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Detail-oriented Gonzaga women return home to host San Francisco, Santa Clara

UPDATED: Wed., Jan. 23, 2019, 5:51 p.m.

Gonzaga guard Chandler Smith nails a shot over Portland guard Josie Matz on  Jan. 12  in the McCarthey Athletic Center. (Dan Pelle / The Spokesman-Review)
Gonzaga guard Chandler Smith nails a shot over Portland guard Josie Matz on Jan. 12 in the McCarthey Athletic Center. (Dan Pelle / The Spokesman-Review)

Expect the Gonzaga women’s basketball team to be a bit more detail-oriented this week.

After all, it was the little things that cost the Zags dearly in a two-point loss at BYU last week, a result that left them in second place in the West Coast Conference standings.

For head coach Lisa Fortier, it was allowing BYU to dictate the pace, to “speed us up,” and to let the crowd affect them.

For senior guard Chandler Smith, it was “some critical fouls and not getting the stops when we needed to.”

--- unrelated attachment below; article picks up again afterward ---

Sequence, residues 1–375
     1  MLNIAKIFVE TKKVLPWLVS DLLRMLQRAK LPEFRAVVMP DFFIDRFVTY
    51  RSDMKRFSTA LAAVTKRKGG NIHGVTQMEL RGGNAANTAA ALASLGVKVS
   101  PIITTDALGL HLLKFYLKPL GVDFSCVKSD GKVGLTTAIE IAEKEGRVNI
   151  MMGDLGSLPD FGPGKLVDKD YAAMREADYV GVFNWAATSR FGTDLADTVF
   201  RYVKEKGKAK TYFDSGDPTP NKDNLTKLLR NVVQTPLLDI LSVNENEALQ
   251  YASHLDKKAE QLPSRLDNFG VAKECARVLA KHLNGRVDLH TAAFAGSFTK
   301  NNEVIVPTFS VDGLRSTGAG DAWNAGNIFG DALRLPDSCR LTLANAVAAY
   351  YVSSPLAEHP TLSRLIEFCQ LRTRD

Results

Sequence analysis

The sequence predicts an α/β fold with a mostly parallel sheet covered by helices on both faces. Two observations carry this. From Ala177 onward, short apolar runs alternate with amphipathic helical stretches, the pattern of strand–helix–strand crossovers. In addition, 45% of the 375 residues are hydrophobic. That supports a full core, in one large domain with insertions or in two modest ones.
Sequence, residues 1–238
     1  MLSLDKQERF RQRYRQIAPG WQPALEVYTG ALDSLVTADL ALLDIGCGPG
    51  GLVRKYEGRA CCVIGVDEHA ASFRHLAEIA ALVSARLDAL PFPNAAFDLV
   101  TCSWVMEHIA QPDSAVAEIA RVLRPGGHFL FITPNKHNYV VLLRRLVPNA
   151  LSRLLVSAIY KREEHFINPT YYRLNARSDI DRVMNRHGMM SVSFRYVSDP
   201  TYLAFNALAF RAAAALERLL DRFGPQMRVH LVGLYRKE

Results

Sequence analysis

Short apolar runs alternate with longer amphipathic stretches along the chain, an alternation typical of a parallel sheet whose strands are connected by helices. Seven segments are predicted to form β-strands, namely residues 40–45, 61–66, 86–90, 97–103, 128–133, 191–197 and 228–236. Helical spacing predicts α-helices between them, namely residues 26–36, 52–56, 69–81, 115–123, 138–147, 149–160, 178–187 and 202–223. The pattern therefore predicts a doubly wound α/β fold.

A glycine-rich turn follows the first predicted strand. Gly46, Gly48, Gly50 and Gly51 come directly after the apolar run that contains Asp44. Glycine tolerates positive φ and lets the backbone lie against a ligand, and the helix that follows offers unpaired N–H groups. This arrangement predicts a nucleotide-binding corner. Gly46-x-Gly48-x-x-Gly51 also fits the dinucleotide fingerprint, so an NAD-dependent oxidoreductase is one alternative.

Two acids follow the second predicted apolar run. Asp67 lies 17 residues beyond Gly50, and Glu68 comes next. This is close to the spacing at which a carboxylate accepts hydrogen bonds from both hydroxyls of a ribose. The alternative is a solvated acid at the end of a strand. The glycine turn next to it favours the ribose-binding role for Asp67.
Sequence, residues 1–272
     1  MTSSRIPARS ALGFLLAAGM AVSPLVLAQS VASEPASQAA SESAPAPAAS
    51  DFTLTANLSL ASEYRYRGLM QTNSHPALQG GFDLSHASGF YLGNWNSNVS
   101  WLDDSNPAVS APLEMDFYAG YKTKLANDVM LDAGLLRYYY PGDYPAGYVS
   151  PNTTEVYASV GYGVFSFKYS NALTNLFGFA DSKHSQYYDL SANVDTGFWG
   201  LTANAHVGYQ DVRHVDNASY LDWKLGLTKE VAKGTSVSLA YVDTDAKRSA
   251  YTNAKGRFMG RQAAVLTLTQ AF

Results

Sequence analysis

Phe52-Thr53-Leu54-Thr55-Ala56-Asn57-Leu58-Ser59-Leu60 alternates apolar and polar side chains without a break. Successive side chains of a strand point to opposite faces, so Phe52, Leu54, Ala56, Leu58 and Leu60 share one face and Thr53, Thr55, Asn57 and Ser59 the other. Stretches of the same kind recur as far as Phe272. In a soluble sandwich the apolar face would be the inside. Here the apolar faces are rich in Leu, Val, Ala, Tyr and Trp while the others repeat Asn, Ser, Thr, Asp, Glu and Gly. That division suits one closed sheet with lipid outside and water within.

“But we’re counting the days until we get them here at home,” Smith said of the Feb. 16 rematch at the Kennel.

Despite the loss, GU didn’t exactly fall off the national radar.

The Zags (17-2 overall, 6-1 in the WCC), were one of 13 ranked teams to lose last week. They fell five spots, to 18th, in the Associated Press poll, but are still 10th in RPI.

They’re also projected as a No. 5 seed by ESPN bracketologist Charlie Creme.

GU bounced back on Saturday at lowly San Diego, but Fortier said Tuesday that “I don’t think we played that well in either game.”

That’s the goal this week, regardless that this week’s homestand comes against WCC bottom-feeders USF (5-13, 1-6) and Santa Clara (8-9, 2-6).

On Thursday, it’s the Dons, who have beaten GU once in their last 14 seasons. USF is on a six-game losing streak following a win at San Diego in the WCC opener on Dec. 29.

Through 18 games, USF averages 68.8 points per game, shooting 44.7 percent from the floor, good for third overall in the WCC.

The Dons are led by senior guard Shannon Powell, who shoots 49 percent from the field and averages 16.6 points.

The Bulldogs lead the WCC in six categories, the most important being scoring defense (58.3 ppg), field-goal percentage defense (37.4 percent), 3-point field-goal percentage defense (28 percent), rebounding defense (30.5 rpg) and rebounding margin (plus 3.3).

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